This is my very first day of shooting with flash and remote flash. And picture turned out like this: Bottom half of it is black. I have no idea what has caused this and how to prevent it? I just know that after this I shot a few more frames without flash or only with the camera's built-in flash and they were fine so I know the camera is not broken. When I read the photo EXIF info this is what I had: 1/400 sec with f 2.8 and 60mm. My flash is a manual flash and its power was on 1/32 and zoom on 70mm.
No specific reason for these numbers, I was only experimenting. Also I had set the exposure compensation of the camera to -5.00 in the hope that it would make the background darker and the foreground look more 3D because of the flash.

  • 1
    Also my off camera flash was wirelessly firing with Cowboy Studio remote triggers. Could that be it?
    – Brandon
    Apr 23, 2015 at 3:38

4 Answers 4


You're shooting with a shutter speed faster than your sync speed (most likely 1/200 or 1/250). Your camera's shutter consists of two curtains -- the first one opens to begin the exposure, and the second follows it -- closing to end the exposure. At speeds slower than your camera's sync speed, these two curtain movements allow at least a tiny fraction of time between opening and closing, but at faster shutter speeds, the closing curtain is actually chasing the opening curtain, creating a moving slit of exposure. A flash occurring during such an exposure is only going to illuminate part of the sensor - hence, the dark bar.

This is a bit tricky to picture, but this video shows exactly what's happening with those curtains:


  • Thanks, so as far as how to make sure this doesn't happen, I should always make sure when taking pics with flash, my shutter speed should be faster than 1/250?
    – Brandon
    Apr 23, 2015 at 3:57
  • 1
    Check the flash sync speed of your camera - it's likely 1/200 or 1/250. It's possible to go faster than that with a flash capable of High Speed Sync, but that won't be an option with a manual flash.
    – D. Lambert
    Apr 23, 2015 at 4:01
  • 4
    Also, I've encountered minor lag with radio triggers when on the fastest sync speed before and so I often dial it back a touch to account for it. The better the trigger quality, the less this is likely to happen.
    – Joanne C
    Apr 23, 2015 at 7:29
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    @Blake You need to make sure the shutter speed is either at the sync speed or slower.
    – Michael C
    Apr 24, 2015 at 1:10

You exceeded your camera body's sync speed. The shutter speed in focal plane cameras, like most dSLRs, is determined by the gap between the 1st and 2nd shutter curtains. The bigger the gap, the longer the shutter speed. At a certain shutter speed (known as the maximum sync speed of the camera), that gap is only barely large enough to uncover the sensor all at once. Once the speed goes faster, that gap becomes smaller than the sensor. Because a flash burst is typically much faster than your shutter speed, if you go faster than your sync speed, the curtains will be covering either the top or bottom (or both) of your sensor and only the bit uncovered by the slit between the curtains is exposed to the flash burst. Most dSLRs have a sync speed around 1/200s.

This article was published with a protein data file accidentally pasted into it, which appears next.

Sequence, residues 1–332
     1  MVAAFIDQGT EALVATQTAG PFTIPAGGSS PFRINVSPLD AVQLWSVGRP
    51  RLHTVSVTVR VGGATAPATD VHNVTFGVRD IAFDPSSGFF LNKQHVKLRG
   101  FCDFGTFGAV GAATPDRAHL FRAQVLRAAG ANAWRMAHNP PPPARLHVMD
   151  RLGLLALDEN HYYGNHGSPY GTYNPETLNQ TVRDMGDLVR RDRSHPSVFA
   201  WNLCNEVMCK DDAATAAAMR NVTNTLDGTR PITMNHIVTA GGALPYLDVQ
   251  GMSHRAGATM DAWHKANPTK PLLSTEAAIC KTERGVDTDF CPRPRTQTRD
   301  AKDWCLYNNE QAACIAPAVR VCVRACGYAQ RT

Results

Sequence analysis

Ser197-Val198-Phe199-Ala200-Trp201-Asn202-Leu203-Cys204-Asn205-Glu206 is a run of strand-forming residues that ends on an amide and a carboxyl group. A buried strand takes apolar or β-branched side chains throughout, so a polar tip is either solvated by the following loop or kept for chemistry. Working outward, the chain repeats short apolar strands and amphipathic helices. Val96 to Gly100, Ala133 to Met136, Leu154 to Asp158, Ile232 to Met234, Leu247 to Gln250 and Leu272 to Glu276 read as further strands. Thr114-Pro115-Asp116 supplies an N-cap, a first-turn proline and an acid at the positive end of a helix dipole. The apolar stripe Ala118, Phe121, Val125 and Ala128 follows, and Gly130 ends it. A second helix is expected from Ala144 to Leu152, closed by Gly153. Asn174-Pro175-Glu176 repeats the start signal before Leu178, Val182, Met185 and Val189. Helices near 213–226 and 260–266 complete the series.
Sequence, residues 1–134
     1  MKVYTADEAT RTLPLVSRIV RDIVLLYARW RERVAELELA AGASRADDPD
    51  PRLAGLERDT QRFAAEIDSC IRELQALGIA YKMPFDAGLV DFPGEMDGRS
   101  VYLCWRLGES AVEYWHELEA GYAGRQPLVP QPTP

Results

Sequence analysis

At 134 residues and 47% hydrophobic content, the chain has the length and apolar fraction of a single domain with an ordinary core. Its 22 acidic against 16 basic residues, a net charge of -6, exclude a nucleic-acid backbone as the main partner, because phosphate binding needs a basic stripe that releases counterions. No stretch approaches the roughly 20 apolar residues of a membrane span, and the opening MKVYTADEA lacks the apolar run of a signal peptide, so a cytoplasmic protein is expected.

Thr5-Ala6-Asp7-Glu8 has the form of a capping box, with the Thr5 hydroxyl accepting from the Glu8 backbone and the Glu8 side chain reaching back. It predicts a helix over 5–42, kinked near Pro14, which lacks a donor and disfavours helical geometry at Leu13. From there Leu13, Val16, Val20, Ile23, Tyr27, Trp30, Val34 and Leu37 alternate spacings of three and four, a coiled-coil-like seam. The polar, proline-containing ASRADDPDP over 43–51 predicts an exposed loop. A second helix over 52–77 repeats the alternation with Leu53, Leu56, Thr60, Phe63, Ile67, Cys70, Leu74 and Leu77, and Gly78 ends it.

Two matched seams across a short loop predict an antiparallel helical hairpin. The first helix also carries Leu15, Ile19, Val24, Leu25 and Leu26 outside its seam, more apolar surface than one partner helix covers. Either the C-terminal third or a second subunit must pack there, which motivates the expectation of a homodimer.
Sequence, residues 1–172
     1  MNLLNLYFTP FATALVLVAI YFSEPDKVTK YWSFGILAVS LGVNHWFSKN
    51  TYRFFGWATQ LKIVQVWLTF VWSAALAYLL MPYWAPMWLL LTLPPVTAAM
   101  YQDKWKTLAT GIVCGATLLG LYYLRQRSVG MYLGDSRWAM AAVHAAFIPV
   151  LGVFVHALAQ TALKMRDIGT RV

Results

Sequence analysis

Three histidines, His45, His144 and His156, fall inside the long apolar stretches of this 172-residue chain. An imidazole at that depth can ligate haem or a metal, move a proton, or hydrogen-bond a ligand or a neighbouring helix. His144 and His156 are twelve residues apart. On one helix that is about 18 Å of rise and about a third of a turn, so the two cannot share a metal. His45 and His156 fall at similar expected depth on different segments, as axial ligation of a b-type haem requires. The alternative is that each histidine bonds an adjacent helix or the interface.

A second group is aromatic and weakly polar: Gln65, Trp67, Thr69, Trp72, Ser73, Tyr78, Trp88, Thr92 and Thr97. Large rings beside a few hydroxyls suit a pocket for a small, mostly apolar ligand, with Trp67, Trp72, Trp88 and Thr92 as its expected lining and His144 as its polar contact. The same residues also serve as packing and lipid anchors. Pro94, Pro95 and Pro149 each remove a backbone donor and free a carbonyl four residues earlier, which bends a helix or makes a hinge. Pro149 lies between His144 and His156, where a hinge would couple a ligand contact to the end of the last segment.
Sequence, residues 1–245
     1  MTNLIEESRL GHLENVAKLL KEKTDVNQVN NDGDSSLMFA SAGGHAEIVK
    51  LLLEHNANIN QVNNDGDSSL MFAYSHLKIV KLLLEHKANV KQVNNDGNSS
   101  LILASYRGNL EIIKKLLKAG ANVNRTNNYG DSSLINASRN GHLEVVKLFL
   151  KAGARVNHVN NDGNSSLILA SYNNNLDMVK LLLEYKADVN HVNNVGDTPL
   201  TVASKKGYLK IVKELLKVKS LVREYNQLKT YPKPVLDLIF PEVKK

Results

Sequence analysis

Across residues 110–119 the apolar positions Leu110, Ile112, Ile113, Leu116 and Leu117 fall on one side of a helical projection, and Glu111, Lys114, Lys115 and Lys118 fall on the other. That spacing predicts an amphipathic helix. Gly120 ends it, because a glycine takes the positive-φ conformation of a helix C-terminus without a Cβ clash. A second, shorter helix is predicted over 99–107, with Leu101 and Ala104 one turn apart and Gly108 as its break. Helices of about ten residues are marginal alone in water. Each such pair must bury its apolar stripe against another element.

If you get a TTL flash that can perform HSS, or high-speed sync (aka focal plane sync or FP sync) and your camera can do it (entry-level Nikon bodies cannot), you can get around this restriction by having the flash pulse out light so that the entire frame will be evenly illuminated by the pulses as the slit travels across the sensor. But most radio triggers cannot communicate the HSS signaling. This will, however, cost you more power. And only radio triggers that can communicate TTL can communicate HSS. So the camera, flash, and triggers all have to be able to communicate HSS for you to have this feature with off-camera flash.

The pop-up flash on most cameras is also incapable of HSS, so if you look at those test images you took with the pop-up flash, you'll probably find the camera adjusted your shutter speed to be at your camera's maximum sync speed.

See also: Neil van Nierkerk's article on high-speed sync.


1/400 second definitely exceeds your cameras maximum sync speed, which causes the black band. Try 1/160, or maybe 1/200 second.

But in some other cases, we might not have exceeded the cameras maximum sync speed, but cheap radio triggers are notorious for causing a delay, and not being able to keep up with that max sync speed. Just lower your shutter below max sync until it works OK.

Run-down batteries in the radio trigger can make this much worse. Try fresh batteries first.

But 1/400 second is the first obvious problem.


You're probably using a shutter speed faster than your cameras maximum sync speed. check your camera's specs, and use a slower shutter speed. If you're using off camera flash with inexpensive third party triggers, you almost undoubtedly should be running both camera and flash in manual mode as well.

  • run it manual, (typically)
  • always keep shutter speed below the cameras flash sync speed rating,
  • use cameras aperture, ISO, and flashes power level(if adjustable) to control flash exposure
  • variations on shutter speed (always below max-sync though) can be used to mix ambient light in with the flash's output

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